Denim by PV: "very good numbers" for Barcelona
It would be difficult for the regulars of the Parisian edition of Denim by not to be impressed by the edition in Spain. The Halle Freyssinet has now been succeeded by the impressive nave of Hall 8 of the Fiera Barcelona, whose industrial vaults echo in turn the rusted girders that make up the exhibition stands.
The new exhibition space is distinctly divided by a central aisle that is framed on either side by two parallel corridors. The floor is elevates at regular intervals, making the view of exhibiting stands - already up by 5% this year - seem even more crowded.
The new 18,000 square meter space seems full for at least the first day of the show’s Spanish rebirth. "We’ve seen very good numbers, significantly higher than we experienced on the same day in Paris,” remarked CEO of Première Vision SA, Philippe Pasquet, to FashionMag.
"The report is very positive. Based on what we have heard, it’s beyond a success. But even if the numbers were average, we kind of just slug away: we’d continue to put in the hours to attract more people one step at a time.”
A Catalan crush
Are there regrets as to leaving Paris behind? While some remain hopelessly attached to the French capital, in the aggregate, professionals are happy with the advantages afforded by Barcelona. From the ease of finding lodgings to the quick ride from the airport using taxis that are more numerous and less expensive than their Parisian counterparts.
“We’re still trying to emerge from a crisis that is difficult to deal with, and every show requires choice to be made,” says a sales manager for a Moroccan producer. “So, if the littlest thing allows us to bring in more business, that’s fantastic."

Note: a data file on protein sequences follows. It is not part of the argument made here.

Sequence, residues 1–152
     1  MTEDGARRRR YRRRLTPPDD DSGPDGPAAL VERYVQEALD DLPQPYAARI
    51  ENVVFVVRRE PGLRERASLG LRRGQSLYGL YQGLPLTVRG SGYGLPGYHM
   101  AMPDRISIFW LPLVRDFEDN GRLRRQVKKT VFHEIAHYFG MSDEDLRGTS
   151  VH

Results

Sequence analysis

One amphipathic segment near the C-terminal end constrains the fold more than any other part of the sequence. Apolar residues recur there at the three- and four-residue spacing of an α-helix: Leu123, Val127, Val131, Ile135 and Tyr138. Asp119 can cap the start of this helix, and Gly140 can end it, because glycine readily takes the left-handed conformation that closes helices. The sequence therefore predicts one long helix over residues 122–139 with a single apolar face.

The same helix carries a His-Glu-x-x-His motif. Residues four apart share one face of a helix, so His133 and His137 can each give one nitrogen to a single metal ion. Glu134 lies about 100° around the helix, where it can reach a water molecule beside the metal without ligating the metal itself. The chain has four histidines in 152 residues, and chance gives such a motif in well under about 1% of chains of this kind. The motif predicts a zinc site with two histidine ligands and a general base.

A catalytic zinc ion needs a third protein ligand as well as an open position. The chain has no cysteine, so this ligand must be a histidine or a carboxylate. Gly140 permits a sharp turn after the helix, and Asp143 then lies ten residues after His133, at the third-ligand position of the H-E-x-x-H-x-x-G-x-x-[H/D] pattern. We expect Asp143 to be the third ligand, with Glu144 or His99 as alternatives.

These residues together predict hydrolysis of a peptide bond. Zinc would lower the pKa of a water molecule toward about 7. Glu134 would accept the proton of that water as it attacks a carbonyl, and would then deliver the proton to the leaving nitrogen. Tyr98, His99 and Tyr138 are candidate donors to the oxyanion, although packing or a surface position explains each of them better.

“Our company is really pleased with the change, both in terms of the exhibition space and the new city,” said a representative from the Turkish manufacturer, Calik Denim. Coming from further afield, the Indian supplier Arvind Denim also indicates having benefited from the move.
“Whether it’s Barcelona or Paris, it doesn’t make a big difference for us," said Rajesh Gupta, the supplier’s creative manager. "But the change does seem to make the show more dynamic, and we have far more meetings than we did last year in Paris."
"Have you been to Amsterdam?"
Besides the relocation of Denim by, one of the recurring themes of this edition is another denim trade show that has recently arrived in Europe. The American organizer, Kingpins, pitched its tent in Amsterdam from May 7 - 8. That has been enough to pique the interest of the French regulars of the show. "I thought it was good, but I'll wait a year to see how it goes before deciding if I really should go," confided one purchaser for a Spanish retailer to one of his colleagues - many are eager to get a feel for the new show.
"Denim by has managed to become a must-attend event for the industry,” said Philippe Pasquet when asked about the necessity of a second trade show. “It’s a different concept. I know that a lot of people like it because we all like outsiders, and they’re sort of the underdogs. We decided to come to Barcelona before getting wind of the show. I'm for the free flow of commerce, but the market will decide. At the moment, I don’t get the impression that we are very similar."
Proud of a standing in the fashion industry that is “unparalleled throughout the world", Denim by Première Vision brought together more than 3,000 professionals in May 2013 in Paris. An even greater figure for May 2014 would very much justify the change in address, and would reinforce the denim show’s aura among professionals.
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